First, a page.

||Costa Rica ARBAR La Isla San Roque Yellow Honey Kenia 2021
||#SSSSS Limited Editions 2021
Hello everyone, it's finally time! Many apologies for the delays this month and that your #SSSSS is heading out to you so much later than it normally would, but we hope you'll agree it's definitely worth the wait : )
We've experienced delays upon delays with our coffee deliveries and ended up receiving 4 shipping containers in just under 2 weeks, our Warehouse Manager Dave is loving life at the moment. This coffee you're receiving arrived in Stafford yesterday morning and our roasting team have done an amazing job getting it ready for you - it's the very first Costa Rican coffee we're sending out from this container so, as always, you #SSSSSers are getting special treatment!
The Arrieta Family. Cafe ARBAR. Lourdes de Naranjo, Western Valley, Costa Rica
We've been working with Carlos and his family since way back in 2013 and this is a cracking example of the sort of long-term relationship that we are proud of developing with our producing partners. If you read through our Coffee Archive you can see just how far we've come together since our initial meeting - back when we first bought from his group of farms they didn't even have an official name!
The name of their mill ARBAR comes from the combined family names: Carlos ARietta + Maria BARboza = ARBAR. Their children are Yessica, Karen, Esteban & Jose Ignacio. They run everything together, the micromill and 4 small farms, with 1 permanent worker and a few temporary staff during harvest season. This might sound like an awful lot of work to be shared between such a select team but Costa Rican farms tend to be on the smaller side compared to other producing countries. The four farms in the group, all located in the Western Valley region, are: La Casa, El Manatial, El Oasis, and this one: La Isla.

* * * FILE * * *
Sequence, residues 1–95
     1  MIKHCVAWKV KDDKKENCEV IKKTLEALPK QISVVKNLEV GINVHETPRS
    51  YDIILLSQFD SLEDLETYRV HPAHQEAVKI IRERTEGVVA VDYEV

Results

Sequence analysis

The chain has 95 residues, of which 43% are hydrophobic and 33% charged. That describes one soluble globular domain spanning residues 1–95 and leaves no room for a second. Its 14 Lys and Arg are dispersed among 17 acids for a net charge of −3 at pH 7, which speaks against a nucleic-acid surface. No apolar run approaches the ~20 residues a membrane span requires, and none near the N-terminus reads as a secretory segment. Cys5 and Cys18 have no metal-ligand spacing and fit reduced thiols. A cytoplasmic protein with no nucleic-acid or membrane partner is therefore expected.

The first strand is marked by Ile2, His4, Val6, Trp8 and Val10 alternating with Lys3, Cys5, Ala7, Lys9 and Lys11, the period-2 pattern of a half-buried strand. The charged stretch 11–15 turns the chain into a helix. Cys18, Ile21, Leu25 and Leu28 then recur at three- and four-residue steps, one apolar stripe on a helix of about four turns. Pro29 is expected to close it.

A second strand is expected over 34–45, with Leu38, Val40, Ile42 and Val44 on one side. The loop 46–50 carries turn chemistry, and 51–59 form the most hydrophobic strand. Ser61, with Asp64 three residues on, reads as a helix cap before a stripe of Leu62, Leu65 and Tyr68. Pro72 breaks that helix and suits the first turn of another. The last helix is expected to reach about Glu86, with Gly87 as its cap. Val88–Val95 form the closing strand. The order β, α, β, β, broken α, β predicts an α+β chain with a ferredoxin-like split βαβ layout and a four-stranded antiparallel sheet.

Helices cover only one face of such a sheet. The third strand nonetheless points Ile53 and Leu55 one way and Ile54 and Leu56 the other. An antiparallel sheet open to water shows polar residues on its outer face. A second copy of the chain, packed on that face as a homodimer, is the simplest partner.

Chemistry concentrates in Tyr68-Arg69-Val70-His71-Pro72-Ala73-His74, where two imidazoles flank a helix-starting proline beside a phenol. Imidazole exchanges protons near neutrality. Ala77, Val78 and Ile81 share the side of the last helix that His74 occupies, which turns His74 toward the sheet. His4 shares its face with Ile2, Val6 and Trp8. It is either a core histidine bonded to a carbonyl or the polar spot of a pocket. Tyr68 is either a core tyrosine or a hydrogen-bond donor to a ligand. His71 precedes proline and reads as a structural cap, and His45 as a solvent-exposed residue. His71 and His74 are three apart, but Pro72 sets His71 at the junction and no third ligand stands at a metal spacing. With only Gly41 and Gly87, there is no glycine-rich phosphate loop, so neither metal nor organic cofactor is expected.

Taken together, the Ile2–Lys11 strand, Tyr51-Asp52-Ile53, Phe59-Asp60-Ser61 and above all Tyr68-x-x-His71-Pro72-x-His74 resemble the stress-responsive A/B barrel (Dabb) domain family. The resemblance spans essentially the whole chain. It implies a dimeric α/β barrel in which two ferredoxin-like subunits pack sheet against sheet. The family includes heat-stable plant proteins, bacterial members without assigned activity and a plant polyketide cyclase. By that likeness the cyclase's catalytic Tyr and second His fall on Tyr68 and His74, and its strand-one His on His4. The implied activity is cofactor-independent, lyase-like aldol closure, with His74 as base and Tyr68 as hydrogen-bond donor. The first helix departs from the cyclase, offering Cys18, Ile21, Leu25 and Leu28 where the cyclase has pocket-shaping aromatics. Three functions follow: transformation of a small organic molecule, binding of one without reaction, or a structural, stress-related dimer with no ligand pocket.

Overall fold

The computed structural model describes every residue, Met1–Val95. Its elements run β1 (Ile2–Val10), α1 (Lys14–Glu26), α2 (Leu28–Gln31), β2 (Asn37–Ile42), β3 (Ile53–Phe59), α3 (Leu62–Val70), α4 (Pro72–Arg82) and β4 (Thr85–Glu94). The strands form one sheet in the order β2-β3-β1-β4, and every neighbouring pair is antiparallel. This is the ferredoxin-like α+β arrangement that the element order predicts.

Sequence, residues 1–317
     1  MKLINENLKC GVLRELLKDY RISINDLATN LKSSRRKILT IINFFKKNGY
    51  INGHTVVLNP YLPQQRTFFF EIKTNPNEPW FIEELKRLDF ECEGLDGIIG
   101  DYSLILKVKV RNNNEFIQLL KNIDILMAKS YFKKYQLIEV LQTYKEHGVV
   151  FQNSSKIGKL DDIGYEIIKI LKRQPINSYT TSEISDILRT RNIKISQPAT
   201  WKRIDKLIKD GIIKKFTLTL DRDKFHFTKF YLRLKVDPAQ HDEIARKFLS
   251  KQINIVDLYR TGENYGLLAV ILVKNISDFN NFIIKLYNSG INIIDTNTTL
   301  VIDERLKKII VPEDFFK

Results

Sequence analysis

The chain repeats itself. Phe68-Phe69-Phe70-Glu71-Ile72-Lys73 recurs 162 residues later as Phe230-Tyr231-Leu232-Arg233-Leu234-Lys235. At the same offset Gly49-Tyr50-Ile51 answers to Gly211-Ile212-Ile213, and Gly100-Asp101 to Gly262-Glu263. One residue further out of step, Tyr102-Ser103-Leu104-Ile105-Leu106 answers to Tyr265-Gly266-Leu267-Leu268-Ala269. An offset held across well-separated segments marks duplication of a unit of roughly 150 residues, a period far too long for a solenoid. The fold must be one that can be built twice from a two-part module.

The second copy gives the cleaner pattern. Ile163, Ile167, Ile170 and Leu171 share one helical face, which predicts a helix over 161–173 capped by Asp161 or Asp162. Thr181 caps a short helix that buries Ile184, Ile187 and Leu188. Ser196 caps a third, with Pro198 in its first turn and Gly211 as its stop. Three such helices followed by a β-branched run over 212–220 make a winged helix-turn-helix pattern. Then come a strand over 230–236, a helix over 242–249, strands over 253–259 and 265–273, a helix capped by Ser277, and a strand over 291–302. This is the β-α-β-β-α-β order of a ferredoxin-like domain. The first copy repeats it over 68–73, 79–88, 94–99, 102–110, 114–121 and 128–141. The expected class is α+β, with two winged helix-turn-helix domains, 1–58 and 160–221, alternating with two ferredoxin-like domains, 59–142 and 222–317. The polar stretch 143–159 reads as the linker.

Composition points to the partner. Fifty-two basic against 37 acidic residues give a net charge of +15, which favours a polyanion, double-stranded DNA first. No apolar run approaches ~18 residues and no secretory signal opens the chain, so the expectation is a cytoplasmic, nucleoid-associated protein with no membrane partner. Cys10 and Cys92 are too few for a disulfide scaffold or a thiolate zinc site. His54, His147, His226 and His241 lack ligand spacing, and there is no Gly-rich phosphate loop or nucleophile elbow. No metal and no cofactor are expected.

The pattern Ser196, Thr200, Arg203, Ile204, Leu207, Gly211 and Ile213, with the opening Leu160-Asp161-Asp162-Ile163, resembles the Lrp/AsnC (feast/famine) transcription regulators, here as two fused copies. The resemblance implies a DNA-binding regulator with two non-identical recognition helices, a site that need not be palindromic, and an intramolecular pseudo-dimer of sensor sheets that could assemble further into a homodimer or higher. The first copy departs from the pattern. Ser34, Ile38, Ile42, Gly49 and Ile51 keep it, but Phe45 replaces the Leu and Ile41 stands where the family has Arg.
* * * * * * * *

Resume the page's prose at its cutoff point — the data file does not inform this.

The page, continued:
Carlos has been growing coffee for about 40 years and La Isla is the latest project of his. He only started processing his coffee himself at the ARBAR mill from 2014 which meant he hadn't been able to present his coffee to a single buyer previously, this was fortuitous for us as this was how we happened to meet - via our mutual exporter in Costa Rica! Carlos is very active in the local community and they have close relationships with their neighbours - which includes CoE winning producers like Herbazu, Vista Al Valle and Sumava. They operate mostly Organic processes, but aren’t Organic certified and believe in the value of biodiversity on the farms: plants like fruit trees are positioned amid the coffee plants for shade and to help the soil - as well as providing food for the family. We've been lucky enough to visit Carlos and his family multiple times over the years that we've been working together and they are always guaranteed to be wonderful hosts!
This coffee hails from Finca La Isla, which is located at 1400 metres above sea level. The farm is roughly 1.4 hectares in size and is planted with a mixture of Villa Sarchi, Kenia, Geisha, and Ethiopia. Overall this area produces about 3500kg of coffee cherries, which translates to around 700kg of green coffee once processed or ~570kg of roasted coffee once your friendly neighbourhood Roaster gets their mitts on it! This is their latest project and actually belongs to Maria’s niece. Carlos and Maria have agreed an arrangement with her where they will plant and farm the plot and share the profits with her, but it's only just starting to see production in the last few years.